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Lucy Webster: What disability pride means to me

By
Lucy Webster
Acclaimed freelance writer, Lucy Webster shares what Disability Pride Month means to her.

Lucy Webster is an accomplished freelance writer, political journalist, and disability advocate. As a full-time wheelchair user, Lucy is passionate about changing the conversation about disability. She has appeared on BBC Breakfast, Radio 4’s Today, and Newsnight. Lucy has also spoken at various awareness events in schools and colleges. We spoke to Lucy about what Disability Pride means to her.

What does Disability Pride Month mean to you?

My disabled identity is essential to my work as a freelance writer and journalist. Almost everything I cover has a disability angle. I focus on subjects like:

  • social care
  • cultural representation, for example, in TV or books
  • accessibility

I couldn’t do any of this work without being proud to be a disabled person. Because I wouldn’t want to cover these topics if I was ashamed. Journalism is about shining a light on things that are hidden, and I am proud to bring these topics to a new audience.

I am especially proud whenever I successfully pitch a disability story to a big national publication. Sometimes they have never covered the issue before. Getting the commission shows that they are starting to care about these stories. And respect my ability to tell them.

It’s even better when an editor wants to cover a disability story and asks me to do it for them. It means that my work is reaching people and having an effect. It makes me proud to know that what I’m doing matters.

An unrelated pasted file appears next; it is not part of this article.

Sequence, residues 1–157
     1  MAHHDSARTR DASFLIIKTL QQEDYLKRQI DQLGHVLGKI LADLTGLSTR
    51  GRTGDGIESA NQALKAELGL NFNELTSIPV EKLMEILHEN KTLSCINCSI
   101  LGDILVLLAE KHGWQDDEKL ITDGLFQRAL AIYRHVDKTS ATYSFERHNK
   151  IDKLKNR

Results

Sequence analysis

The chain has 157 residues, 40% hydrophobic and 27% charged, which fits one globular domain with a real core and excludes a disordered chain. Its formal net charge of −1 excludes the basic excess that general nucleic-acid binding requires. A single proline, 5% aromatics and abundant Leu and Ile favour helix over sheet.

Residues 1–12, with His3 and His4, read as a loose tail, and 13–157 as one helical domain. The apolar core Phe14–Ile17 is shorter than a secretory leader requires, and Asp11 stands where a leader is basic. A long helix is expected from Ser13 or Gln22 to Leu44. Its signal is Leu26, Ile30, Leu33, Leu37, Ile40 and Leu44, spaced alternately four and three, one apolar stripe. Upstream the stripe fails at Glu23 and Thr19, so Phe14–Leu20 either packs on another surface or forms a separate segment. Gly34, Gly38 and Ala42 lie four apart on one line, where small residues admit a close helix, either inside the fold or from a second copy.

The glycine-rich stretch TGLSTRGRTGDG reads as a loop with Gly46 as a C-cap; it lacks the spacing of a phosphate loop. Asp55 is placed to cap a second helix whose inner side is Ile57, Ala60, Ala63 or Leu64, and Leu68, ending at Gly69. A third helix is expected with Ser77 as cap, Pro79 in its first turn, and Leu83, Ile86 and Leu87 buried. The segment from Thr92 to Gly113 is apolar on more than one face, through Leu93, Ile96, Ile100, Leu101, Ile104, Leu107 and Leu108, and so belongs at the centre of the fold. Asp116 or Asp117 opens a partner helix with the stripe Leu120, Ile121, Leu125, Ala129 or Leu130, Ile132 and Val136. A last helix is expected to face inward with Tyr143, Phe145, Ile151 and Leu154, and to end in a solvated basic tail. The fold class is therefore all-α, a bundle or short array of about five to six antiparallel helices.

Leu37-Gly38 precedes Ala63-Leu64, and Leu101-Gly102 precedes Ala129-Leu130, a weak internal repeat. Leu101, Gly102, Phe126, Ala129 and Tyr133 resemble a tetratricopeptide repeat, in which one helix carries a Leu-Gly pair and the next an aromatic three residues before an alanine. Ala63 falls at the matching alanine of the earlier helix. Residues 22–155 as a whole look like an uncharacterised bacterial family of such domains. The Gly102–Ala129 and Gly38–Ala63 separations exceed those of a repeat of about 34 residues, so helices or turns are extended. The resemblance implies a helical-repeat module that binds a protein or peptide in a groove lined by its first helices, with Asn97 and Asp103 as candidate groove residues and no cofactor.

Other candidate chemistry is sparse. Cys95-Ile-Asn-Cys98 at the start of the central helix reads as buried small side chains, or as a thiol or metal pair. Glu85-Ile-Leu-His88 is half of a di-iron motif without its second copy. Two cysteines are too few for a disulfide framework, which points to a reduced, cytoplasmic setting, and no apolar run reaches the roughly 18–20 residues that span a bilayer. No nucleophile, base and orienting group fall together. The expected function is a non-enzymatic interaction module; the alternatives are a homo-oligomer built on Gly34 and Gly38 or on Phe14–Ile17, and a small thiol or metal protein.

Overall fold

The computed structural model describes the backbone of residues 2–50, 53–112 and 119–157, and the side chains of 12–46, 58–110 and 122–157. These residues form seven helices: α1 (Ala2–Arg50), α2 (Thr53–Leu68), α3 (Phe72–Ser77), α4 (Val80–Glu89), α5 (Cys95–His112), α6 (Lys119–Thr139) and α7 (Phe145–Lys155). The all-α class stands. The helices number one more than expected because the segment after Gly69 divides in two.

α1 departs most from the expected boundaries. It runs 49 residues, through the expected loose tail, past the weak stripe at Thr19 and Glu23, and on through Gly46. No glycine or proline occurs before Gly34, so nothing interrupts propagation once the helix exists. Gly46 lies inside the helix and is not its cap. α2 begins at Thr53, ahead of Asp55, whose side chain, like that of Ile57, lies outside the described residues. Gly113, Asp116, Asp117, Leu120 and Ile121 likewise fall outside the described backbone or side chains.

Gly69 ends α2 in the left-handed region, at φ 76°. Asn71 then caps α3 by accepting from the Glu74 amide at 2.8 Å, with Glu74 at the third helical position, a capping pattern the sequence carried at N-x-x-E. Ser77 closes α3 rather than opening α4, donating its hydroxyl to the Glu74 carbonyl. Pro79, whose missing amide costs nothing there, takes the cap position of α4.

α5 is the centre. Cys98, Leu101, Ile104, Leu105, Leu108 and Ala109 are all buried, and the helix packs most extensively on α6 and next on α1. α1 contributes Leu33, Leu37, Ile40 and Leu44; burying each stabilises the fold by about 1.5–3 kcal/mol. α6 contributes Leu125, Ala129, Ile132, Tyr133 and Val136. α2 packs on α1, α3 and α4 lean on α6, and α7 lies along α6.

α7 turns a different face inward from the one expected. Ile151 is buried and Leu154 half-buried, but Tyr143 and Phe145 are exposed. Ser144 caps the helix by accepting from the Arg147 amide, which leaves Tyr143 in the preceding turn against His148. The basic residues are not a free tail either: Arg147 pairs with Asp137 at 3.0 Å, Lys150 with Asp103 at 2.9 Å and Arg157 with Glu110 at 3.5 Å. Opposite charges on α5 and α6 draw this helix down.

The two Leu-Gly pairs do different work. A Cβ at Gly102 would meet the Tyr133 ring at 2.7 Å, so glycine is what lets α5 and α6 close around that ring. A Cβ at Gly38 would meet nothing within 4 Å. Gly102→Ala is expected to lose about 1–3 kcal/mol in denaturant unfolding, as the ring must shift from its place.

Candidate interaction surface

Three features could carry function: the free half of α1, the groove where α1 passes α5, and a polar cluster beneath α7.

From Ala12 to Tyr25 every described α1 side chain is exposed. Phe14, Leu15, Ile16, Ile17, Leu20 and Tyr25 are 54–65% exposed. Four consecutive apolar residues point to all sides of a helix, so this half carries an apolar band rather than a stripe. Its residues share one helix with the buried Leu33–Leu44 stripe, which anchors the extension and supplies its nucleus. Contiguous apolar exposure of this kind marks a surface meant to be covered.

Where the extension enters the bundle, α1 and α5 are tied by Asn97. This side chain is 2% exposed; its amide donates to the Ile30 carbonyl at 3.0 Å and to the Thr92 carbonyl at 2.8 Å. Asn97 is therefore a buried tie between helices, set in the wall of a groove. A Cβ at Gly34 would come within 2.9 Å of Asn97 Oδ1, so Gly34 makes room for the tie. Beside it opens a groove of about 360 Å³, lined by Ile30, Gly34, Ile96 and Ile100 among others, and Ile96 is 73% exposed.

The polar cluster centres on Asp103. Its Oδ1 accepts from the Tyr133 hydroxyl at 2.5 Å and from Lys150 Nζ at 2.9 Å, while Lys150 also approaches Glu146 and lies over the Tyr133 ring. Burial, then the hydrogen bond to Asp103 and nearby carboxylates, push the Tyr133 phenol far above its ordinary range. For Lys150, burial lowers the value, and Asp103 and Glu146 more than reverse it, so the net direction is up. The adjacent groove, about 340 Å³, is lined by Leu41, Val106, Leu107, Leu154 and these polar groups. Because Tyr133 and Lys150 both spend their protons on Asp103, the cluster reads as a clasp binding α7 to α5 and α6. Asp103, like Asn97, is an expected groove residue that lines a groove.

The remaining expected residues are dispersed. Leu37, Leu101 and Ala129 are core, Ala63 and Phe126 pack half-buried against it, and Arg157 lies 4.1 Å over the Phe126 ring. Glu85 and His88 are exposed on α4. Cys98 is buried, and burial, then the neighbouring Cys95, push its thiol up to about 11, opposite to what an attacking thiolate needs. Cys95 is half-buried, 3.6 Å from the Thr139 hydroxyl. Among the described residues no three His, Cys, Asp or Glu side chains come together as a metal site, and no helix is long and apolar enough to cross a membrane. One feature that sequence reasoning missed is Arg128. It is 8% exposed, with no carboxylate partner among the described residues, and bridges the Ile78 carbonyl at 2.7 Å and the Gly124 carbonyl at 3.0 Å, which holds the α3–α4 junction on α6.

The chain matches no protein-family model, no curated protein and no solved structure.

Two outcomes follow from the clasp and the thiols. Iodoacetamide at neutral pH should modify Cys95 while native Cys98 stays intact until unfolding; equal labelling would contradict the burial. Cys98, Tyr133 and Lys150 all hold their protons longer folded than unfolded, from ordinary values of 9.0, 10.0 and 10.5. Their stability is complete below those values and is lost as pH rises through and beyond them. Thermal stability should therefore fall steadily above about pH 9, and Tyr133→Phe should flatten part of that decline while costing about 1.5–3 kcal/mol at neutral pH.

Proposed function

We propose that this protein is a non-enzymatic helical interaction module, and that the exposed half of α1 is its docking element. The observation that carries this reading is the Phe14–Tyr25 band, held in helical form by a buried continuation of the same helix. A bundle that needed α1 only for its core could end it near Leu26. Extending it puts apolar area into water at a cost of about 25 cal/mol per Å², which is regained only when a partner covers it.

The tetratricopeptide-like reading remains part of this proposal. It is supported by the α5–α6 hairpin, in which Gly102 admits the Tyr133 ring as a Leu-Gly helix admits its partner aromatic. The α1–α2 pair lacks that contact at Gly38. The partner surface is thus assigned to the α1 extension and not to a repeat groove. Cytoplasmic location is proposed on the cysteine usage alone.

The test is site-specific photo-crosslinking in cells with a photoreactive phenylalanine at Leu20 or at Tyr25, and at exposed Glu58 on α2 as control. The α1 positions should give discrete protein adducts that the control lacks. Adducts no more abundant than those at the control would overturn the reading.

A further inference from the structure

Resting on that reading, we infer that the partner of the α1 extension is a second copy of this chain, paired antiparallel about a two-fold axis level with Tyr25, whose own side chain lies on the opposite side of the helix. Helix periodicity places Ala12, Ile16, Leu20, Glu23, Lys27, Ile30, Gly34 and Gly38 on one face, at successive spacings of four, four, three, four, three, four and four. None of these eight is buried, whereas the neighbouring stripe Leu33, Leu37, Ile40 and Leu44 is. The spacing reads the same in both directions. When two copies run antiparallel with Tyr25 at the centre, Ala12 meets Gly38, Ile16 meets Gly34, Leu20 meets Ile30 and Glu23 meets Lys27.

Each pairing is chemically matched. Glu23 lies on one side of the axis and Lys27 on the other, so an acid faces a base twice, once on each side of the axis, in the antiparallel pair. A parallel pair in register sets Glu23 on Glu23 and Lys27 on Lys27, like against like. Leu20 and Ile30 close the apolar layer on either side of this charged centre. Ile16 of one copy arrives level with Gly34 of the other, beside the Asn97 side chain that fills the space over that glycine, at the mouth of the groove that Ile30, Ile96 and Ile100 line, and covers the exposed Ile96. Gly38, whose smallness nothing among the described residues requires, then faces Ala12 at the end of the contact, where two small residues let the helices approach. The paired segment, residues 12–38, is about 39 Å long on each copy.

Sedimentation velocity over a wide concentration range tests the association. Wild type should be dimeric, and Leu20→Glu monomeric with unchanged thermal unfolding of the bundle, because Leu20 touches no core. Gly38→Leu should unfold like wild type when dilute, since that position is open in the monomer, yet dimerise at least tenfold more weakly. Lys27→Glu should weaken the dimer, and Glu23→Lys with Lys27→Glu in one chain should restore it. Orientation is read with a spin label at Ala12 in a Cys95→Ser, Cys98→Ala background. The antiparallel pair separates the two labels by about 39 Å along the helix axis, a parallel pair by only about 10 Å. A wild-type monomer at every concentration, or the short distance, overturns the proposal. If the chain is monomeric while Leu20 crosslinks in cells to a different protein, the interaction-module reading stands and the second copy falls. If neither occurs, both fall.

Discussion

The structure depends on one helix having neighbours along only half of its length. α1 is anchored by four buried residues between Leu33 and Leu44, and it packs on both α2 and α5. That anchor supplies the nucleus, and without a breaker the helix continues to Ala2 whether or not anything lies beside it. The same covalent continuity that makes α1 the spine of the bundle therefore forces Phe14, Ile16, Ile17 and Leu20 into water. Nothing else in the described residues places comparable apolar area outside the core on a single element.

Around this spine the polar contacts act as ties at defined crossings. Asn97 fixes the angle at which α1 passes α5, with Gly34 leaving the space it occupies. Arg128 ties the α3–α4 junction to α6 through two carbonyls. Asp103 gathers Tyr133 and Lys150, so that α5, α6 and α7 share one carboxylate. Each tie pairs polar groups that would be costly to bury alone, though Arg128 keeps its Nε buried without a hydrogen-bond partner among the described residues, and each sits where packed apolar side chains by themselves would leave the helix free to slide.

It’s important that editors use disabled freelancers to cover disability stories. Too often, non-disabled journalists tell stories that don’t fully reflect the real situation.

There’s also a tendency to tell stories from a place of pity, which is both offensive and unhelpful. Using disabled journalists helps to avoid these issues. I am proud that the industry is beginning to recognise our value. Using a diverse group of writers helps publications to tell better stories.

Freelancing can be hard for disabled people because it involves uncertain hours and pay. So, personally, I am proud that I have made this career work for me.

How does your disability pride come through in your work?

Disability pride comes through in my work because I always write from the angle of the social model of disability. Whatever issues I am writing about, I aim to show that they are created by society’s ableism and inaccessibility. Rather than an individual’s impairment.

I always stress that disability is not a bad thing. Indeed, I often write about how proud my interviewees are to be disabled. I hope this challenges common stereotypes.

I aim to show my disability pride by always letting disabled people tell their own stories.

With a few exceptions for policy or scientific experts, I make sure I only interview disabled people. I want them to share their experiences in whatever way is right for them. I always show them as full, interesting people. Rather than the one-dimensional representation we often see in the newspapers.

Being able to do this makes me proud of myself and the community. And the thing that makes me most proud? Sometimes, when I interview a disabled person, they say that they are only speaking to me because I am also disabled. My disability allows other disabled people to trust me with their stories. Because they know I understand and won’t write anything ableist.

I am proud to provide a safe space for people to share their feelings and experiences. I genuinely believe that being a proud disabled person allows my interviewees to be more honest and open. And all of this means I tell better, more diverse stories, which is good for my editors and for me as a journalist!

Contributor: Lucy Webster
Biography:

Lucy is a writer, political journalist, and disability advocate.

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